Announcement of software release for new analysis package.
We will be rolling out a few major changes to those of you using our ProTools software at some point this week. The software you know and love is largely staying the same, but we have tweaked the way data sessions are viewed by introducing a more efficient and intuitive data timeline. We are dedicated to providing updates to improve our system, and we think you'll enjoy the new features and find that this new version of ProTools is much faster.
Each data session is now a point on the data timeline, shown across the top of your screen. You can quickly see a subject's progression across their recent testing sessions. Click on any testing session to see a full detailed report.
We're also introducing radar plots to give you a new way of viewing your patients' corticalmetrics. Poor results now will be appear on the radar plot in the yellow or red regions, while strong performance will extend further into the green region.
The new tabular view will give you a better idea of how a subject has progressed across multiple testing sessions. Every test taken is displayed as a numerical value and its corresponding color-code. This allows you to more easily see if the subject is improving (moving from red to green) or declining (green to red).
How sensitive are corticalmetrics?
All activity in the brain (mediated through neurons and neurotransmitters) can be classified as either excitatory or inhibitory. The balance between neuron excitation and inhibition is essential to maintaining brain circuitry and neurological health. Without adequate inhibition, excitation runs rampant and the brain cannot shut itself off, often resulting in seizures. Excess inhibition (or insufficient excitation) can also be detrimental. Ideally, balance is maintained by neurotransmission that is mediated by NMDA receptors which mediate the excitatory glutamate transmission) and by the inhibitory neurotransmitter GABA.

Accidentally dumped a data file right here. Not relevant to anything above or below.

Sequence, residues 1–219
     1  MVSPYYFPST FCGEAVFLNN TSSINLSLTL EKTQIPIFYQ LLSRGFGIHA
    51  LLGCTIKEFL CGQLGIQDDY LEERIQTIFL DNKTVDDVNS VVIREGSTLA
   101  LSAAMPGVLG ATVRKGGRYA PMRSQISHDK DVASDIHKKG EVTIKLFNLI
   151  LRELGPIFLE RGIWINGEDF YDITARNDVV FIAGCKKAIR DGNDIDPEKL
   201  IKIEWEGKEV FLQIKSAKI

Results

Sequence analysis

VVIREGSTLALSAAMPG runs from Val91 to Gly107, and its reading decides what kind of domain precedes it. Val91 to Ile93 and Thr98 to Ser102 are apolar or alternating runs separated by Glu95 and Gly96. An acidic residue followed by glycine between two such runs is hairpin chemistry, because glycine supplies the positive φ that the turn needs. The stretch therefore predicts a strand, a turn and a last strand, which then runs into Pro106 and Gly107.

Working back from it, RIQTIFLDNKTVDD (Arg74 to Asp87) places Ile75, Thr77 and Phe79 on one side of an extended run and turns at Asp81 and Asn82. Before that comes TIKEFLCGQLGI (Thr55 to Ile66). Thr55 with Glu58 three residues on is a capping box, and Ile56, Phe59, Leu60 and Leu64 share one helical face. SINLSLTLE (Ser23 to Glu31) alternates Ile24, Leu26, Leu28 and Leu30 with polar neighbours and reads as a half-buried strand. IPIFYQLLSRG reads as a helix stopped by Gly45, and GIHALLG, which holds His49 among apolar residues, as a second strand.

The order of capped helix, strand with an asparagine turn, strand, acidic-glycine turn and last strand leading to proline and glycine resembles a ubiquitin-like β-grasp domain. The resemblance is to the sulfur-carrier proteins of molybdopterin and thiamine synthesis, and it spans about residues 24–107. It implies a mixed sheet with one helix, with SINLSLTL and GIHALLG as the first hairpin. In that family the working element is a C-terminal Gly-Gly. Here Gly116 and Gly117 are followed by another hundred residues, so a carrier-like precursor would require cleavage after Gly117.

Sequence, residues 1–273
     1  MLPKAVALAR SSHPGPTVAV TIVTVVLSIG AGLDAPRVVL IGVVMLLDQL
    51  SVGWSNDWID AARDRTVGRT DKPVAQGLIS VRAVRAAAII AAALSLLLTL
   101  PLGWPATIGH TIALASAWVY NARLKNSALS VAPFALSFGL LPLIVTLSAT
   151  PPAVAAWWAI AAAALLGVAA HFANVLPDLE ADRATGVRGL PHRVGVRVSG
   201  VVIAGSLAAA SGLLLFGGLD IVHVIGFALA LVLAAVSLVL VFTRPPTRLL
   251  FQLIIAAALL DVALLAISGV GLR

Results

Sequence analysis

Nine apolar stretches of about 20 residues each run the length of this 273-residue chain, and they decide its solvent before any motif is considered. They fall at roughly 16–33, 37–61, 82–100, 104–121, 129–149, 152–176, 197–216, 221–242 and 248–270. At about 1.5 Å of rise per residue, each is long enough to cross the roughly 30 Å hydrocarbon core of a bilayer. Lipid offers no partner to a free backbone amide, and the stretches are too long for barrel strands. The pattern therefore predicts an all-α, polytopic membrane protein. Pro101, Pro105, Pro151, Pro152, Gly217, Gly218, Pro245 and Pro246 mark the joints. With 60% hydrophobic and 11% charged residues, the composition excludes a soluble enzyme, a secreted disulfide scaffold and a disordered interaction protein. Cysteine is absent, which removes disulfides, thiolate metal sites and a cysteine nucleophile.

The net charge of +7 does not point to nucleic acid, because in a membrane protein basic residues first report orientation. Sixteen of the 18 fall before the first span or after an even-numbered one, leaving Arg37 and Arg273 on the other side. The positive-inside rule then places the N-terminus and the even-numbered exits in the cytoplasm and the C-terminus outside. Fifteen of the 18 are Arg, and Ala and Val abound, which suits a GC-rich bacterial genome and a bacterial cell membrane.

An inhibition/excitation imbalance can affect how well the brain is able to adapt. One of the best ways to look at the effects of below-average GABA mediated inhibition is via test results from alcoholics (see examples below). Alcohol is a GABA agonist; it takes the place of GABA in the brain. Chronic alcohol consumption will eventually result in decreased production of GABA. When an alcoholic abstains from drinking, detoxification tremors emerge because there is not enough GABA in the individual’s system to correctly balance excitation and inhibition. Benzodiazepines, another GABA agonist, can be an effective treatment for recovering alcoholics. However, treatment with benzos is no longer recommended due to their highly addictive nature.
This graph compares the corticalmetrics of a group of individuals before and after undergoing treatment for alcoholism. Note that after a 12 week period of sobriety, the metrics were close to those obtained from healthy controls.
The next graph shows corticalmetrics for college-aged individuals. Subjects who drank more than 60 drinks per month showed significant differences from those who drank less or did not drink at all.
We are frequently asked whether drinking, or acute alcohol consumption, can impact corticalmetrics. Any substance which affects communication in the brain will have an impact on corticalmetrics; acute alcohol consumption is not exempt to this rule.
Note the score differences in the next graph. The left side reflects scores obtained from individuals with low blood alcohol content (BAC), while scores on the right reflect those obtained from individuals with a high (>0.05) BAC.
We can also change the balance between excitation and inhibition by decreasing excitation. Administering a small amount of dextromethorphan (DXM; an active ingredient in many cough syrups) will significantly change an individual’s corticalmetrics.
The chart below compares scores from individuals receiving a placebo (No Adaptation) with individuals receiving a double dose of cough syrup.
There are different types of inhibition which are mediated through GABAa and GABAb. Although GABA levels in the brain can be measured with spectroscopy, there are no methods for measuring this directly. However, corticalmetrics can theoretically differentiate between GABAa and GABAb levels, and there is growing evidence for this rationale in a number of studies. We’ll describe that work in a future article.